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The government shocked the bond markets by pegging the fiscal deficit at a much higher number than expected. The fiscal deficit for Fiscal year 2022 is slated to be at 6.8% of GDP. Market estimates were around 5.0%-5.5% of GDP.

The other shocker was that the government has postponed fiscal consolidation for the ever future. The government now expects fiscal deficit to GDP to be at 4.8% by Fiscal year 2026. This is a big departure from the 3.0% target first slated to be reached by this government in Fiscal year 2018.

3.0% was always way too ambitious for a populous low-middle income country like India. Many ascribed the growth slump pre-COVID to government’s reluctance to increase its spending. The shocks of demonetization, GST, IL&FS overwhelmed the households and the SMEs. The government did not spend (as much) even in 2020, the year of COVID, despite even the fiscal hawks exhorting the government to support the economy.

My view has been that the reluctance to spend was due to the Prime Minister’s own fiscal conservatism.

In my naive view, I have held that PM Modi believes in two macro data points: Inflation and Fiscal Deficit. The BJP won in 2014 against the ruling UPA-2 government on the back of high inflation and a falling currency brought about by higher fiscal deficit in the years post the Lehman crisis (2009-2012).

Mania over Inflation and Deficit

In the 2019 re-election, PM Modi used to proudly mention that this would be the first election in India where inflation will not be an issue. They delivered on that.

The CPI target was 4%. Minimum Support Prices (MSPs) used to increase by 3.8%/3.9%.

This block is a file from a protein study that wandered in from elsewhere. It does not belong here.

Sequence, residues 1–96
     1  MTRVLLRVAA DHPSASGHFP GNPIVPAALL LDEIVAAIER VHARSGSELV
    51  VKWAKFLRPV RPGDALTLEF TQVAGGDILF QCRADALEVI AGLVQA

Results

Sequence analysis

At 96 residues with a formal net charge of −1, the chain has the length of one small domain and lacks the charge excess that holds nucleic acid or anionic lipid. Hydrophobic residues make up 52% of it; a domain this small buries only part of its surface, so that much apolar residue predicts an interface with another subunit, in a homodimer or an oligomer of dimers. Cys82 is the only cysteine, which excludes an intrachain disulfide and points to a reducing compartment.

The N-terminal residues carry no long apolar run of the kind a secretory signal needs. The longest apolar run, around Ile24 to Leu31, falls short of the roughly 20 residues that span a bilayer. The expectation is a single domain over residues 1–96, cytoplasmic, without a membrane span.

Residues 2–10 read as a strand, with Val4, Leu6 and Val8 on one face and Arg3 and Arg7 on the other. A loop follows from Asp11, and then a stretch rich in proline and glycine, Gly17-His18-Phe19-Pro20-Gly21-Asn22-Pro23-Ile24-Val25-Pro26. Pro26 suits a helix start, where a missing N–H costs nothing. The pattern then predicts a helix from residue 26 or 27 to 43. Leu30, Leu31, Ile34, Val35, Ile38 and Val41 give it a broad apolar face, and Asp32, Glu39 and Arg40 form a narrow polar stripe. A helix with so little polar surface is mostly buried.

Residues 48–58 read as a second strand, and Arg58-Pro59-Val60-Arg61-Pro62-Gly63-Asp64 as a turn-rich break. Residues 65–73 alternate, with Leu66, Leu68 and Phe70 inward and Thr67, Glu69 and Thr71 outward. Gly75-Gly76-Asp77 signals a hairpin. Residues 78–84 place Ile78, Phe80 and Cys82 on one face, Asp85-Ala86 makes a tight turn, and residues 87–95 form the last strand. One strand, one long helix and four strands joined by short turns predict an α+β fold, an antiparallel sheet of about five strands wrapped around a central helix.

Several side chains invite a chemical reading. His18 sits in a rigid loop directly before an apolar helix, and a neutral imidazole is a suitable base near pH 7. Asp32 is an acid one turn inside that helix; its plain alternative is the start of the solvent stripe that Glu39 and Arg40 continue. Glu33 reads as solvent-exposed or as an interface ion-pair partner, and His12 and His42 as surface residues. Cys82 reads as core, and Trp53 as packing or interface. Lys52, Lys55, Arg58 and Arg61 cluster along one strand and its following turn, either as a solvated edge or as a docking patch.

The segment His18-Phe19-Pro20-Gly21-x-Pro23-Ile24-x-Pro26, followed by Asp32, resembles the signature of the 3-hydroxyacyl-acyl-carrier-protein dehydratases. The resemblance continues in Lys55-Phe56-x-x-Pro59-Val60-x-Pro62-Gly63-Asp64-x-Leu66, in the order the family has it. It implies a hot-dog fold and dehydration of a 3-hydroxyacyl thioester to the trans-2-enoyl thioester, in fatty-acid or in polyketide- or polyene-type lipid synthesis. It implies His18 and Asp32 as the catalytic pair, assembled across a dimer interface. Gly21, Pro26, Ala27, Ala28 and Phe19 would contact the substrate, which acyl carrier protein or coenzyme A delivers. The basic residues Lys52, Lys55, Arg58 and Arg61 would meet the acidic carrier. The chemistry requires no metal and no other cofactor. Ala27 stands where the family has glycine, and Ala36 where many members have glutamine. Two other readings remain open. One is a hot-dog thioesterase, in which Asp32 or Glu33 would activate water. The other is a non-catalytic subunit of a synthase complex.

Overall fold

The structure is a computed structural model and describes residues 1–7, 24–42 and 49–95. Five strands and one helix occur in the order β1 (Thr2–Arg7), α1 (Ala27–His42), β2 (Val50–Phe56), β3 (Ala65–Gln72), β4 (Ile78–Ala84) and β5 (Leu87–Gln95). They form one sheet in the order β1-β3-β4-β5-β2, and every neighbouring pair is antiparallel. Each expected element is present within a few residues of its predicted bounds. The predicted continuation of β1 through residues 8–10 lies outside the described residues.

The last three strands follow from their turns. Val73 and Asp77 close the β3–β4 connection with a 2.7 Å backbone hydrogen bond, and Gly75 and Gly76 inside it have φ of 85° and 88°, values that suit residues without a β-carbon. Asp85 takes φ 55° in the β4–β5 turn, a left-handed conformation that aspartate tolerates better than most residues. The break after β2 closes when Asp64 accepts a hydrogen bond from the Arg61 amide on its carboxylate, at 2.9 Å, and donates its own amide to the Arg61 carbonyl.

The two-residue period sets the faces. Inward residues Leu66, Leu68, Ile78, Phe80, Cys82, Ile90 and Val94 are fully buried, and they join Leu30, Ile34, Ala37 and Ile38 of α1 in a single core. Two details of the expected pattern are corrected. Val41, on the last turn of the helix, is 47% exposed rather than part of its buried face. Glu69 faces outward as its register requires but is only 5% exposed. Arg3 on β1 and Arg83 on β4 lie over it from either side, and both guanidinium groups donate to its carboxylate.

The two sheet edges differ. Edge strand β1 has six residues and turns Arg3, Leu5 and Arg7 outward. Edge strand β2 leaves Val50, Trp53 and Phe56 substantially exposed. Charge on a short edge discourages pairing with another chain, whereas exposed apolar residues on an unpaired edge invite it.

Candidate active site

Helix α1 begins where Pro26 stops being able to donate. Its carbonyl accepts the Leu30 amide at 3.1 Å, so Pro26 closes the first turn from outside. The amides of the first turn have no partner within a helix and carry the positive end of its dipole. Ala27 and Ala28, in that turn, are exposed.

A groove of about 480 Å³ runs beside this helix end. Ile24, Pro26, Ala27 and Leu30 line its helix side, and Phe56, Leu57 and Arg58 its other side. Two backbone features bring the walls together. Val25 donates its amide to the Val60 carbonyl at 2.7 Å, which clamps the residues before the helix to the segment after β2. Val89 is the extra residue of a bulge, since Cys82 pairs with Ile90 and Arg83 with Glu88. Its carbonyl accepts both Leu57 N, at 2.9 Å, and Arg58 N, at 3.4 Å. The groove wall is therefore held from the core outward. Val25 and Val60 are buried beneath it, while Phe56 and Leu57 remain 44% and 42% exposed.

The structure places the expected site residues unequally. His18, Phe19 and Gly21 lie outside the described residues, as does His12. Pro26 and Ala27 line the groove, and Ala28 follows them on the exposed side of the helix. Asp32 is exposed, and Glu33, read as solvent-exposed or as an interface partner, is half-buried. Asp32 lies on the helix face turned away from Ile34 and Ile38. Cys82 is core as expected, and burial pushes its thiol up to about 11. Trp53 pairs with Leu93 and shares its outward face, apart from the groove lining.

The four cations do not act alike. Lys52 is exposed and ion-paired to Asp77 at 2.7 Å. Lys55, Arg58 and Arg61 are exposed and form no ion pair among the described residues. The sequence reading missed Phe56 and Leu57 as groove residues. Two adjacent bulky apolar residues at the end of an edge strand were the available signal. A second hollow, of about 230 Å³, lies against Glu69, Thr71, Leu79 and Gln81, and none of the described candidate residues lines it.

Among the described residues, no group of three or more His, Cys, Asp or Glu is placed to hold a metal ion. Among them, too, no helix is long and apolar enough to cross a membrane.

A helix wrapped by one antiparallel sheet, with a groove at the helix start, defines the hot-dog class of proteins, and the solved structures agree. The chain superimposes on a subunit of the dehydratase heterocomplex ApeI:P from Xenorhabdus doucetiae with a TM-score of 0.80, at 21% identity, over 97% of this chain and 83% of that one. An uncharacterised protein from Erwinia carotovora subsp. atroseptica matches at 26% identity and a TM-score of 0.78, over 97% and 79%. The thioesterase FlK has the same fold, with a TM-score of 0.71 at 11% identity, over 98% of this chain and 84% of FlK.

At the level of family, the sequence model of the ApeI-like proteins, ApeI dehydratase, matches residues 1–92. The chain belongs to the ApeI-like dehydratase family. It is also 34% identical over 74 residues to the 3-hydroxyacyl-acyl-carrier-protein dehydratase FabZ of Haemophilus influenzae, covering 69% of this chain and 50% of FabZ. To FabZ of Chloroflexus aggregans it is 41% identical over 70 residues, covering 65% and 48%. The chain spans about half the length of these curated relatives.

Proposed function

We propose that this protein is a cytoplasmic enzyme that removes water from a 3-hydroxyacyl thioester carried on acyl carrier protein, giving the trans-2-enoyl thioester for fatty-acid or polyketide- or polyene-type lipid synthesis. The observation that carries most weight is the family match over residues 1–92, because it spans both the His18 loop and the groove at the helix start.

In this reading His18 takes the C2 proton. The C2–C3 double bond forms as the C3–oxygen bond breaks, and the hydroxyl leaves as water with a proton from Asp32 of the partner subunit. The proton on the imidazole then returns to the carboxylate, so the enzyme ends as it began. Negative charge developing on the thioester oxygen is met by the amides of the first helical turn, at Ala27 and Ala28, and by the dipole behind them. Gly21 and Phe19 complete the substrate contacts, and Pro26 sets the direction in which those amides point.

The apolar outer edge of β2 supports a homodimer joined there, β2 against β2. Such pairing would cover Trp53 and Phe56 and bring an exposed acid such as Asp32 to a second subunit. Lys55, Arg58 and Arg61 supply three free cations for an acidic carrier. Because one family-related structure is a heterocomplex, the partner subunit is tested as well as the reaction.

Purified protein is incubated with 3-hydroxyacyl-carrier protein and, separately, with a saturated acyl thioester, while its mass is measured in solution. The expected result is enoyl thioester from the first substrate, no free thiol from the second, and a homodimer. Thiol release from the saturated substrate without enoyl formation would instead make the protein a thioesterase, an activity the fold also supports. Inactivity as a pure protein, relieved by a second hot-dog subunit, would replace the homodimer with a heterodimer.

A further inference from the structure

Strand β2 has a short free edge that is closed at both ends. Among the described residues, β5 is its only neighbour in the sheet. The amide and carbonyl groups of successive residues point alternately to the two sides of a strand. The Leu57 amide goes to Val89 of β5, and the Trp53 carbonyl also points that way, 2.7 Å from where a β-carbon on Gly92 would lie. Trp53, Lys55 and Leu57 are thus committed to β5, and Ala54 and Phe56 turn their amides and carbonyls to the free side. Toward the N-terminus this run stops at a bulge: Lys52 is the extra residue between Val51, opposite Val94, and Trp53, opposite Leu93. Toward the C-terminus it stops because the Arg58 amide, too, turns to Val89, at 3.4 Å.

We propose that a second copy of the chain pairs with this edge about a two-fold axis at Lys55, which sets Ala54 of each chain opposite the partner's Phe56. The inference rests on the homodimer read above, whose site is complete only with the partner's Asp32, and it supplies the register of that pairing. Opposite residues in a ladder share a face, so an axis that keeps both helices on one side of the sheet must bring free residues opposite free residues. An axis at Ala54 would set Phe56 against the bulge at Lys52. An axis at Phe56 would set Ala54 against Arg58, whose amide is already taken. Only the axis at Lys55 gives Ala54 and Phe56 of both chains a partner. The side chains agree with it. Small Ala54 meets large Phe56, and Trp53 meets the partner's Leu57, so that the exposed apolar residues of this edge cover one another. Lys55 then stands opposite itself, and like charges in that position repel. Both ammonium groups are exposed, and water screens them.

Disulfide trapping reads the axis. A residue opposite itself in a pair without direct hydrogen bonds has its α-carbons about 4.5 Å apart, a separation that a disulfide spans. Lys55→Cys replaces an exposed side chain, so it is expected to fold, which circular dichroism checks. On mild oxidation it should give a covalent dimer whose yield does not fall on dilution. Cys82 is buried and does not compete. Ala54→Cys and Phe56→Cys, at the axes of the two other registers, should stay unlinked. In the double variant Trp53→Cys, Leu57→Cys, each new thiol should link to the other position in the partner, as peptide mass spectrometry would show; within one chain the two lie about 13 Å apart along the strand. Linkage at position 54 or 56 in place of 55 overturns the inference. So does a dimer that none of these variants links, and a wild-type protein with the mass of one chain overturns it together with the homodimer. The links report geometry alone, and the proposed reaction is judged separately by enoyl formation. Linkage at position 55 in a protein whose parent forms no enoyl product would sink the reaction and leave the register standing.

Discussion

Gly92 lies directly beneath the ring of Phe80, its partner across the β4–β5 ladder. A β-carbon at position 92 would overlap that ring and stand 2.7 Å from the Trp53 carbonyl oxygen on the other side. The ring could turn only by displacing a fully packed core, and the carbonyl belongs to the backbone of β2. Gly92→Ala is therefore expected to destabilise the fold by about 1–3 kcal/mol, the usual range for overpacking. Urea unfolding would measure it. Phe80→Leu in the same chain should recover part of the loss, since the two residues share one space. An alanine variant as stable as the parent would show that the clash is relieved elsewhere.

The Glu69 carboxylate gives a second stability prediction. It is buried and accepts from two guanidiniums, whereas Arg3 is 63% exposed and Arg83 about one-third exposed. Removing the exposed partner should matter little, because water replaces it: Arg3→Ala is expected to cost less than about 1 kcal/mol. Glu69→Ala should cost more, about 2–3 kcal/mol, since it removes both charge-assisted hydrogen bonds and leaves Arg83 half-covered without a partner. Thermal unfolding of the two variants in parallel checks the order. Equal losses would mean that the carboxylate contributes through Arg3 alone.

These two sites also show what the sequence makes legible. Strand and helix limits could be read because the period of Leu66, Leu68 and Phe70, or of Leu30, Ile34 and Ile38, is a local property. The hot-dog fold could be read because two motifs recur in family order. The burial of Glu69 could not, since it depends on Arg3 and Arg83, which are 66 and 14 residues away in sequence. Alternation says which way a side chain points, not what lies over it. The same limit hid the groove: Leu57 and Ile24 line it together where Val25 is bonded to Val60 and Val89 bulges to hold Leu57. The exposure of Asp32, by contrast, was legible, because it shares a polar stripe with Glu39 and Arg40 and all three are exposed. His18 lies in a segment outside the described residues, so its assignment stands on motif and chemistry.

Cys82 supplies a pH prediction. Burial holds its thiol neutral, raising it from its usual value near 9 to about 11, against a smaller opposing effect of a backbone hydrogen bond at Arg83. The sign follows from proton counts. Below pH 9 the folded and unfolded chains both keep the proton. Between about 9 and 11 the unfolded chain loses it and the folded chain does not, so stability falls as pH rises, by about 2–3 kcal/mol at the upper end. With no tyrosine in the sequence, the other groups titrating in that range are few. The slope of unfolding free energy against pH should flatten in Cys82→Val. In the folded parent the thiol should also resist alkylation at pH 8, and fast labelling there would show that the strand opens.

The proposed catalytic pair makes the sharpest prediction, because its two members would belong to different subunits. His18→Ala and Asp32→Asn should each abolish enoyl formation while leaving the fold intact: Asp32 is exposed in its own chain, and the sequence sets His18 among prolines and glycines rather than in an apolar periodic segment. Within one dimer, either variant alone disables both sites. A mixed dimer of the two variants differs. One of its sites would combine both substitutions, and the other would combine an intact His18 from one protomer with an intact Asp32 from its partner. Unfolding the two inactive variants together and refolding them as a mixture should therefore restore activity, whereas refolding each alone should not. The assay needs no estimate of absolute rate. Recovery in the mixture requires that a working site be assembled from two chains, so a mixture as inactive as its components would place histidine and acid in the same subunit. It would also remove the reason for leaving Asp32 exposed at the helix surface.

The first press release of the introduction of GST was on its impact on CPI inflation. The Prime Minister’s Office (PMO) ensured that a multi-generational tax regime’s rates were determined by its impact on the next one year’s inflation. Such was their mania over inflation.

This government has also somehow met the stated fiscal deficit target. Between 2014-2019, they have managed to show a lower headline number every year.

Ruthless cut in spending. Shoving off expenses below the line. Palming off one government company to another. Taking on the RBI to part away with their capital. You name it, they have done it to meet their numbers.

Growth concerns forces change in PM Modi’s stance?

If so, that is good.

India needs to get real GDP growth back to the 7% level. India needs its nominal growth to grow at a much higher rate than its cost of interest.

India is a growth story.

However, Growth slumped below 4% pre-COVID.

Many, including us, worried about whether India’s long-term potential growth has been impaired. It is thus important to get investors to believe in the 6.5%-7.0% long term real GDP growth potential.

High and sustainable growth in the long-term can take care of inflation and deficits.

Table 1: Will the increase in spending spur growth?

Source: Budget Documents, all are approximate numbers

Equity Markets will remain excited

The revised FY 21 estimates also pegs the total expenditure at INR 34.5 trillion. However, a larger increase in spending is re-apportionment. It is existing food subsidy spending now correctly reflecting in the budget numbers. This increase in food subsidy helped buffer India’s lockdown and COVID shock. However, it was already accounted for.